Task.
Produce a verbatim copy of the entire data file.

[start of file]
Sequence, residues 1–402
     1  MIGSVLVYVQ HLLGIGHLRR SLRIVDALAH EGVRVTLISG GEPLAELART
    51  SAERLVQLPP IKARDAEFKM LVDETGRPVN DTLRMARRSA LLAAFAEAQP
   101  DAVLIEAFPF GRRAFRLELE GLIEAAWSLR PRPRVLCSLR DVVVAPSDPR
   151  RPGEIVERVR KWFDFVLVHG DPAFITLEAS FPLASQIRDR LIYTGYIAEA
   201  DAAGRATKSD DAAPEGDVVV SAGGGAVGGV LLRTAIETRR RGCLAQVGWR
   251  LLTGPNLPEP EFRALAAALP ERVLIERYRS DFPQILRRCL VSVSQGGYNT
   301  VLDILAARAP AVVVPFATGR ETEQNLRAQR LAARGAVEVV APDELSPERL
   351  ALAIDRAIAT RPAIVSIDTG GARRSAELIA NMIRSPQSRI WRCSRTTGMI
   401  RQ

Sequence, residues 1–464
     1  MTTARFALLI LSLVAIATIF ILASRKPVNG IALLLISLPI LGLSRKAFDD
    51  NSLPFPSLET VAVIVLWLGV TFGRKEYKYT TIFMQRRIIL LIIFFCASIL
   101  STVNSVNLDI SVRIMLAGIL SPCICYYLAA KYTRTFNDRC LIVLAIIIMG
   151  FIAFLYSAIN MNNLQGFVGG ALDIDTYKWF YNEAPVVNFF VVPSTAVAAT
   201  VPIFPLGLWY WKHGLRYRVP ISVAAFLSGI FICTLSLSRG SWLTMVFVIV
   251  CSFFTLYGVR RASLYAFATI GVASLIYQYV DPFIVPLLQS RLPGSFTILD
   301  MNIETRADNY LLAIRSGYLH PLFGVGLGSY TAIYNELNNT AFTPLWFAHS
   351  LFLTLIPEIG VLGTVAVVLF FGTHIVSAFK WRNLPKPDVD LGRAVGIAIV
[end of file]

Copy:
Sequence, residues 1–402
     1  MIGSVLVYVQ HLLGIGHLRR SLRIVDALAH EGVRVTLISG GEPLAELART
    51  SAERLVQLPP IKARDAEFKM LVDETGRPVN DTLRMARRSA LLAAFAEAQP
   101  DAVLIEAFPF GRRAFRLELE GLIEAAWSLR PRPRVLCSLR DVVVAPSDPR
   151  RPGEIVERVR KWFDFVLVHG DPAFITLEAS FPLASQIRDR LIYTGYIAEA
   201  DAAGRATKSD DAAPEGDVVV SAGGGAVGGV LLRTAIETRR RGCLAQVGWR
   251  LLTGPNLPEP EFRALAAALP ERVLIERYRS DFPQILRRCL VSVSQGGYNT
   301  VLDILAARAP AVVVPFATGR ETEQNLRAQR LAARGAVEVV APDELSPERL
   351  ALAIDRAIAT RPAIVSIDTG GARRSAELIA NMIRSPQSRI WRCSRTTGMI
   401  RQ

Sequence, residues 1–464
     1  MTTARFALLI LSLVAIATIF ILASRKPVNG IALLLISLPI LGLSRKAFDD
    51  NSLPFPSLET VAVIVLWLGV TFGRKEYKYT TIFMQRRIIL LIIFFCASIL
   101  STVNSVNLDI SVRIMLAGIL SPCICYYLAA KYTRTFNDRC LIVLAIIIMG
   151  FIAFLYSAIN MNNLQGFVGG ALDIDTYKWF YNEAPVVNFF VVPSTAVAAT
   201  VPIFPLGLWY WKHGLRYRVP ISVAAFLSGI FICTLSLSRG SWLTMVFVIV
   251  CSFFTLYGVR RASLYAFATI GVASLIYQYV DPFIVPLLQS RLPGSFTILD
   301  MNIETRADNY LLAIRSGYLH PLFGVGLGSY TAIYNELNNT AFTPLWFAHS
   351  LFLTLIPEIG VLGTVAVVLF FGTHIVSAFK WRNLPKPDVD LGRAVGIAIV